Forecast looks sunny for Richards senior, an aspiring meteorologist
BY CHERYL DANGEL BARTOLINI Correspondent May 3, 2013 2:08PM
Brendan Johnson, of Richards High School in Oak Lawn, wants to be a TV meteorologist and recently job-shadowed Tom Skilling. | Joseph P. Meier~Sun-Times Media
Updated: June 7, 2013 6:02AM
Brendan Johnson, a senior who is about to graduate from Richards High School in Oak Lawn, used to be afraid of storms.
That was then. Today, the 18-year-old has taken his fear and turned it into his passion. He loves weather and wants to pursue a career as a television meteorologist.
“A lot of meteorologists are brought into the field by a fear of storms. I turned that fear into an interest. I like looking at the weather,” Johnson said.
To that end, he recently managed to score an opportunity to shadow WGN-TV meteorologist Tom Skilling, one of Johnson’s role models.
“I was there an hour before the newscast until an hour after,” he said. “It was very enjoyable and I got to see what the actual job looked like. Tom Skilling is the best in the country.”
Johnson knows that studying math and science could get him where he wants to be, so he’s doing just that. He’s a member of mathletes and regularly takes honors and advanced placement classes.
“I’m doing the things I need to do to prepare for it,” he said. “I need physics, which isn’t offered here, but I’m taking all the math and science classes I can.
“I’m trying to prepare myself for this to get those pre-jitters out of the way,” he said.
Johnson is an Illinois State Scholar, a member of National Honor Society and achieved Honors with Distinction, the highest academic honor a student can achieve at Richards.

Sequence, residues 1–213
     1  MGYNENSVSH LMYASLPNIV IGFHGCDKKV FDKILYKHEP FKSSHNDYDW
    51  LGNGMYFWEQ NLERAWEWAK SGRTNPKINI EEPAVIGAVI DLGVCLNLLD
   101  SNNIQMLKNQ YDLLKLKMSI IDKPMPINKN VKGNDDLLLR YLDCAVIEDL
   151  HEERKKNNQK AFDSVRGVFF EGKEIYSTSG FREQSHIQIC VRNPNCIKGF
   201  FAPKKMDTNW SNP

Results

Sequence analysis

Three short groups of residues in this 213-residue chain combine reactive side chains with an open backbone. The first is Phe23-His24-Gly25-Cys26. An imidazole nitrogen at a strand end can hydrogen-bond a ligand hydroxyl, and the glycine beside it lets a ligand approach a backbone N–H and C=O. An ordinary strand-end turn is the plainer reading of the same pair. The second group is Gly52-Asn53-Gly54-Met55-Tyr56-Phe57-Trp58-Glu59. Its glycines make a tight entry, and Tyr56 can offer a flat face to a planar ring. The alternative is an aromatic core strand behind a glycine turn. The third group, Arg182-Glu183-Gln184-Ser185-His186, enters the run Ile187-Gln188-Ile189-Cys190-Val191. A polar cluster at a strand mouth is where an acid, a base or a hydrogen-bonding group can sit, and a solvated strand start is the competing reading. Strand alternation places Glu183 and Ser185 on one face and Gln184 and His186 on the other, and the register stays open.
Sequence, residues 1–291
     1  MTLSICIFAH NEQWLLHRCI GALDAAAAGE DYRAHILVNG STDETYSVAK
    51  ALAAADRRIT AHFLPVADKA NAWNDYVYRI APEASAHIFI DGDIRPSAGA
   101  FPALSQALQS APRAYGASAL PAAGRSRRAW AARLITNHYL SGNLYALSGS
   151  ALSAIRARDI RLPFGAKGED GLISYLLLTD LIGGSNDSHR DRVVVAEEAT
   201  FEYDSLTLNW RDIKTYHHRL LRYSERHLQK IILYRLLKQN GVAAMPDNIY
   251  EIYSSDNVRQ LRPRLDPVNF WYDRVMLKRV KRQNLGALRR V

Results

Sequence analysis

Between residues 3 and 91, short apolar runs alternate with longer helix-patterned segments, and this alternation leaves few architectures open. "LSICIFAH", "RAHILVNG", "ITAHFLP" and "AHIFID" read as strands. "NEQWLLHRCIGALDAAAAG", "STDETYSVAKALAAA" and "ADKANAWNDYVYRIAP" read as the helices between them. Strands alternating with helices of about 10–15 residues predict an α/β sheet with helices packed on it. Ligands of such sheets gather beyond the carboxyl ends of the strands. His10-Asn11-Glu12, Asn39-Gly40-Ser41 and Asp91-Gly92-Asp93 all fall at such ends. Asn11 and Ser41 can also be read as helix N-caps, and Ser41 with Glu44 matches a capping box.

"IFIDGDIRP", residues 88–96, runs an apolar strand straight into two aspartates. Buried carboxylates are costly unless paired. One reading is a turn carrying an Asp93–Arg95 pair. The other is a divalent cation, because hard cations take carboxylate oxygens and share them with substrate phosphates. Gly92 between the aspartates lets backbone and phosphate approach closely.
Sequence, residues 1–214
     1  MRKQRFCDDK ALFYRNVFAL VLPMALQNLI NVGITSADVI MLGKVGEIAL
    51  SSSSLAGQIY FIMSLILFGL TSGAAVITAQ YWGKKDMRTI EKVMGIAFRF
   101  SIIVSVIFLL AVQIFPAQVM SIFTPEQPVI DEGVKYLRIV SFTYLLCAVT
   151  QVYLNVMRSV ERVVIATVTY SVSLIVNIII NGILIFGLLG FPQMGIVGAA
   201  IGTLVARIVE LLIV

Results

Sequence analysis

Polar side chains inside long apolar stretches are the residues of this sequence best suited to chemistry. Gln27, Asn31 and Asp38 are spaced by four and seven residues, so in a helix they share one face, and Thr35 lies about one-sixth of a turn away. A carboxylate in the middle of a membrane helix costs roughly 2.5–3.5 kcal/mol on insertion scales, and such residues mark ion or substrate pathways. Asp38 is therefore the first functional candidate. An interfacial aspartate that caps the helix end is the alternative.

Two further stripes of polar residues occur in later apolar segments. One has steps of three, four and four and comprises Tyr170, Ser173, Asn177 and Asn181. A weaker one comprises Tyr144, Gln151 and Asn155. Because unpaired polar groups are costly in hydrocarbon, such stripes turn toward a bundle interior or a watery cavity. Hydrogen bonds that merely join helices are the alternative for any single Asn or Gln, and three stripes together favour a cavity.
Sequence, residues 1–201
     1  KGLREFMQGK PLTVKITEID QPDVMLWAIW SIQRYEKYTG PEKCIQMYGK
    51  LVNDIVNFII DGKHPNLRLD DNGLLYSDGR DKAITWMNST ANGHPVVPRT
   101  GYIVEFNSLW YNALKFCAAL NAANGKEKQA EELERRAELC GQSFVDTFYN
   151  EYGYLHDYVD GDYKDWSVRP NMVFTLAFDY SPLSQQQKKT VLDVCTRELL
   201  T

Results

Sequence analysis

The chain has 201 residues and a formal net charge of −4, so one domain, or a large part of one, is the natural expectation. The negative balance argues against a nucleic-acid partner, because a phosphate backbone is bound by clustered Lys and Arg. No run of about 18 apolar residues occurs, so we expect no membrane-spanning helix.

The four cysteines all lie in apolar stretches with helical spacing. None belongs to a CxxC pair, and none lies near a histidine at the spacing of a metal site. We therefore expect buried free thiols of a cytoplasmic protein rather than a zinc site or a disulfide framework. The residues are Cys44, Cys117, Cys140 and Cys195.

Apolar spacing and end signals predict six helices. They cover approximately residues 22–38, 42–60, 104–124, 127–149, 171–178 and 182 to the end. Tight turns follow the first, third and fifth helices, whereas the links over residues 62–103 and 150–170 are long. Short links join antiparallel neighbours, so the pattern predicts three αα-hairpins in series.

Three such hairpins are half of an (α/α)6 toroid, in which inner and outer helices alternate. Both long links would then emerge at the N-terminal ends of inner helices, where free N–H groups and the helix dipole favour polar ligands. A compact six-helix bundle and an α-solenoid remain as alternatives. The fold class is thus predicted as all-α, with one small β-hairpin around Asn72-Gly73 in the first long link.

He is also trying to get some hands-on experience in broadcasting as a star on the speech team, for which he excels in the categories of original oratory and radio speaking. Johnson has earned accolades in both categories but really enjoys radio speaking. He’s participated in it for several years. This year, he made it to the final rounds of sectionals.
“Radio is a prep event, which means I am put in a prep room and we have 45 minutes to construct a radio broadcast,” he said. “I get a packet of news stories and you have to put it into a broadcast that runs between 4 minutes and 50 seconds to 5 minutes and 5 seconds. If you deviate from that 15-second window, you get marked off.”
The time constraint can be challenging, but Johnson enjoys the event just the same.
“I like it because it is a way to prepare me for my future occupation as a meteorologist or broadcast journalist,” he said. “I just like delivering news to people, finding all these local news stories and seeing what happens around the world. I like current events a lot.”
He also excels in music as a trumpet player. Last year, he was a member of the Illinois Music Educators Association All-District band.
He plays in marching band, where he was field commander this year, and also performs with the concert and jazz bands.
Johnson especially admires his band director, Charles Martin.
“He makes it like a family,” Johnson said. “It is one of those activities where you come in and have a great time. You perform your music, and you get to do it with your friends. It is like a hobby that I do. I don’t do many sports so this is something I can do that people enjoy.”
Outside of school, Johnson is very involved in his church, Our Lady of the Ridge in Chicago Ridge.
He credits his parents, Kevin and Kathy Johnson, of Chicago Ridge, with setting the bar high.
“They worked very hard throughout their lives,” he said. “They make a good living and provide for their family, which is what I want to do in the future.”
Next school year, he will be attending Valparaiso University, where he plans to pursue a major in meteorology with a minor in broadcast journalism.
Seeing other people’s success as a result of working hard is what motivates Johnson.
“If someone is successful, I want to apply what they did,” he said. “For radio, I’ve seen the good friends who went before me. I take bits of pieces of what they do, use those things to make them mine and push me in a better direction.
“When I get to be a weatherman, the thing I want to do is make that expertise and make the environment personable and enjoyable. Until then, my motto is to take the example of the people before you.”